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The IMpact of Vertical HIV infection on child and Adolescent SKeletal development in Harare, Zimbabwe (IMVASK Study): a protocol for a prospective cohort study
  1. Ruramayi Rukuni1,2,
  2. Celia Gregson3,4,
  3. Cynthia Kahari2,5,
  4. Farirayi Kowo6,
  5. Grace McHugh2,
  6. Shungu Munyati2,
  7. Hilda Mujuru7,
  8. Kate Ward8,
  9. Suzanne Filteau9,
  10. Andrea M Rehman10,
  11. Rashida Ferrand11
  1. 1 Clinical Research Department, London School of Hygiene and Tropical Medicine, London, UK
  2. 2 Biomedical Research and Training Institute, Harare, Zimbabwe
  3. 3 Musculoskeletal Research Unit, University of Bristol, Bristol, UK
  4. 4 Older Person's Unit, Royal United Hospital NHS Trust, Bath, UK
  5. 5 Department of Infectious Disease Epidemiology, Faculty of Epidemiology and Population Health, London School of Hygiene and Tropical Medicine, London, UK
  6. 6 Department of Radiology, University of Zimbabwe, Harare, Zimbabwe
  7. 7 Department of Paediatrics and Child Health, College of Health Sciences, University of Zimbabwe, Harare, Zimbabwe
  8. 8 Lifecourse Epidemiology Unit, MRC, Southampton, UK
  9. 9 Population Health, London School of Hygiene & Tropical Medicine, London, UK
  10. 10 Infectious Disease Epidemiology, London School of Hygiene and Tropical Medicine, London, UK
  11. 11 Clinical Research Department, London School of Hygiene and Tropical Medicine, London, UK
  1. Correspondence to Dr Ruramayi Rukuni; ruramayi.rukuni{at}


Introduction The scale-up of antiretroviral therapy (ART) across sub-Saharan Africa (SSA) has reduced mortality so that increasing numbers of children with HIV (CWH) are surviving to adolescence. However, they experience a range of morbidities due to chronic HIV infection and its treatment. Impaired linear growth (stunting) is a common manifestation, affecting up to 50% of children. However, the effect of HIV on bone and muscle development during adolescent growth is not well characterised. Given the close link between pubertal timing and musculoskeletal development, any impairments in adolescence are likely to impact on future adult musculoskeletal health. We hypothesise that bone and muscle mass accrual in CWH is reduced, putting them at risk of reduced bone mineral density (BMD) and muscle function and increasing fracture risk. This study aims to determine the impact of HIV on BMD and muscle function in peripubertal children on ART in Zimbabwe.

Methods and analysis Children with (n=300) and without HIV (n=300), aged 8–16 years, established on ART, will be recruited into a frequency-matched prospective cohort study and compared. Musculoskeletal assessments including dual-energy X-ray absorptiometry, peripheral quantitative computed tomography, grip strength and standing long jump will be conducted at baseline and after 1 year. Linear regression will be used to estimate mean size-adjusted bone density and Z-scores by HIV status (ie, total-body less-head bone mineral content for lean mass adjusted for height and lumbar spine bone mineral apparent density. The prevalence of low size-adjusted BMD (ie, Z-scores <−2) will also be determined.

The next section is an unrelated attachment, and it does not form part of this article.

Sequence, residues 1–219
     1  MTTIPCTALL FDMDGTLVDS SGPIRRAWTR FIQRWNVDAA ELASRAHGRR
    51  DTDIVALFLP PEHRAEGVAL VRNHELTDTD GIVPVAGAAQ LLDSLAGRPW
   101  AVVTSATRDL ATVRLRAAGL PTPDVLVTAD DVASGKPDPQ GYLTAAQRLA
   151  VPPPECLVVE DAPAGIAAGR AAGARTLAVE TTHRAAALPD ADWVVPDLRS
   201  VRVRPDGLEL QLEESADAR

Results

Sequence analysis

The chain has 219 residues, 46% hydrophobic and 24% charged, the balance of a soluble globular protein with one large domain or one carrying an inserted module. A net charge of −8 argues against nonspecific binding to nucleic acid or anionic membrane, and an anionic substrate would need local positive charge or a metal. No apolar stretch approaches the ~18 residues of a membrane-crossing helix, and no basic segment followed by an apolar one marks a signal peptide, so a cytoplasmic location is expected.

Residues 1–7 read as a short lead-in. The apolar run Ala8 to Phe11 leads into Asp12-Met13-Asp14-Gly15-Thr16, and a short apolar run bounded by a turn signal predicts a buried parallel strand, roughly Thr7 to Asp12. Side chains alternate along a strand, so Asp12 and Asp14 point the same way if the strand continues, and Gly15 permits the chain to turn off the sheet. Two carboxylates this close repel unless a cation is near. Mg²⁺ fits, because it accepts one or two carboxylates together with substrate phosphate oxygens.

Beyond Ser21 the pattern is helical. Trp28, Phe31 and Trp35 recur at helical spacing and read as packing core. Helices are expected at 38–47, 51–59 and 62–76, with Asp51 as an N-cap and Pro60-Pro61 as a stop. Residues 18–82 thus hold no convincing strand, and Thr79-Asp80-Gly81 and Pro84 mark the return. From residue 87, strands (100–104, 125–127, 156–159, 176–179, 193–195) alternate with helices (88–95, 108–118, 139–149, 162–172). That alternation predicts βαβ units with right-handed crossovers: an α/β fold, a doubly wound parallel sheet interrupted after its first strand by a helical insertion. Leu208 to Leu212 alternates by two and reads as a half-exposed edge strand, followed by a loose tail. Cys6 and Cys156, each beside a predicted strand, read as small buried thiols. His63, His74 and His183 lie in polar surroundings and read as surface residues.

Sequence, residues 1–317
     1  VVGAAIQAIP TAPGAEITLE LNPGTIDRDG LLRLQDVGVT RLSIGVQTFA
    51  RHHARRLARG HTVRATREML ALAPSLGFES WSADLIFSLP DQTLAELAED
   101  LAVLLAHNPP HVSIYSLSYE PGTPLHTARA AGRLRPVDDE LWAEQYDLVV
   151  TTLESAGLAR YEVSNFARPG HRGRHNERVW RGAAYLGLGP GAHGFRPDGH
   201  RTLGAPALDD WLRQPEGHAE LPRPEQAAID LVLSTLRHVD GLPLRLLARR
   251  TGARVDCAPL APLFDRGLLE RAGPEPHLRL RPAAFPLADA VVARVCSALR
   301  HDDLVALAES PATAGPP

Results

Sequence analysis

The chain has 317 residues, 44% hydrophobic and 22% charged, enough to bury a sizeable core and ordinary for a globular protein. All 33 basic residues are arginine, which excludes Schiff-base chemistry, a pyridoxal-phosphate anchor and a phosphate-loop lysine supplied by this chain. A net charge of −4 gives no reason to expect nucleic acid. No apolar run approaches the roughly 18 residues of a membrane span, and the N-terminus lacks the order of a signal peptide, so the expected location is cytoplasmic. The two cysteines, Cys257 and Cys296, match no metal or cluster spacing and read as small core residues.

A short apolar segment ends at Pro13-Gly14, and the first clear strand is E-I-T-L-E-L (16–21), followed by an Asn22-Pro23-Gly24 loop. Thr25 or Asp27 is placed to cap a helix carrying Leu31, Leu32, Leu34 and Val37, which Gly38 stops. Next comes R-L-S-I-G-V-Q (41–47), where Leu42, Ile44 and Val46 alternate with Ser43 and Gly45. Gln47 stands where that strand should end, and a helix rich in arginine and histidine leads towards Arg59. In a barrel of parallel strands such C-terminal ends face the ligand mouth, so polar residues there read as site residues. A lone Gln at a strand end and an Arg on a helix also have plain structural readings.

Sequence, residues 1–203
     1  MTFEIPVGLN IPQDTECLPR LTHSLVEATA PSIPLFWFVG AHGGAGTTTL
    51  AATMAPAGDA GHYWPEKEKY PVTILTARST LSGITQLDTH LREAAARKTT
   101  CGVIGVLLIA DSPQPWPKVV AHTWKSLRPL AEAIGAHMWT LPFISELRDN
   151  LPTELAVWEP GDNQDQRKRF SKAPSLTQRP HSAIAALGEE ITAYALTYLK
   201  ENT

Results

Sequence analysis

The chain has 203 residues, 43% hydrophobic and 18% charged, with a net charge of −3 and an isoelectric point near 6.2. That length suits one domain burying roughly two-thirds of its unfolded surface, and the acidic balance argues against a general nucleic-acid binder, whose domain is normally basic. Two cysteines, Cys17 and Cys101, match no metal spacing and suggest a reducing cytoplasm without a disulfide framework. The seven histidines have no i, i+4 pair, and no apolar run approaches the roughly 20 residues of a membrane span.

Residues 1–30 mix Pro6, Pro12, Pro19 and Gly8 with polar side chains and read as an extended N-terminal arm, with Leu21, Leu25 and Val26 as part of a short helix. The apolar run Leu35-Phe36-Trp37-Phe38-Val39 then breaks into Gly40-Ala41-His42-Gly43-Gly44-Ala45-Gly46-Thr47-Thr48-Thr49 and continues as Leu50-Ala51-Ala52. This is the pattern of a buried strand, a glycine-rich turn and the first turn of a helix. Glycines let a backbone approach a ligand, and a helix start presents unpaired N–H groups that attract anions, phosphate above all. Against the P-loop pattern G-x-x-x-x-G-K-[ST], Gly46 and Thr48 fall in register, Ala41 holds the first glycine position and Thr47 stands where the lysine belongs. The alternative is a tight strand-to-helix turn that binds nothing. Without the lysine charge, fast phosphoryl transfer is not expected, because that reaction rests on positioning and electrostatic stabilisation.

Ethics and dissemination Ethical approval for this study has been granted by the Medical Research Council of Zimbabwe and the London School of Hygiene and Tropical Medicine Ethics Committee. Baseline and longitudinal analyses will be published in peer-reviewed journals and disseminated to research communities.

  • HIV & AIDS
  • tropical medicine
  • paediatric radiology
  • epidemiology

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  • Contributors RR, RF and CG codesigned the study. RR wrote the study protocol and was responsible for journal selection and preparation of the first draft of this article as the principal author. CK contributed to the development of the peripheral quantitative computed tomography protocols. FK contributed to the development of the bone age analysis protocols. KW provided scan protocols, contributed to the study design, and gave methodological input regarding bone density size-adjustment and analysis. AMR contributed to the study design, in particular, sampling strategy, sample size calculation and the statistical analysis plan. SF provided advice regarding the development of nutritional assessment tools. GM, SM and HM advised on study conduct and provided study oversight. All authors reviewed and provided feedback on the manuscript prior to submission.

  • Funding This study is funded by the Wellcome Trust UK. RR is funded by Wellcome Trust UK grant number 206764/Z/17/Z. CK is funded by a National Institute of Health Fogarty Trent Fellowship (grant number 2D43TW009539-06). RF is funded by Wellcome Trust grant number 206316/Z/17/Z. Global challenges research funding from the University of Bristol established the sub-Saharan African MuSculOskeletal Network (SAMSON) enabling the provision of peripheral quantitative computed tomography in Zimbabwe for this study. AMR is additionally supported by the UK Medical Research Council (MRC) and the UK Department for International Development (DFID) under the MRC/DFID Concordat agreement which is also part of the EDCTP2 programme supported by the European Union grant reference (MR/R010161/1).

  • Competing interests None declared.

  • Patient consent for publication Not required.

  • Provenance and peer review Not commissioned; externally peer reviewed.

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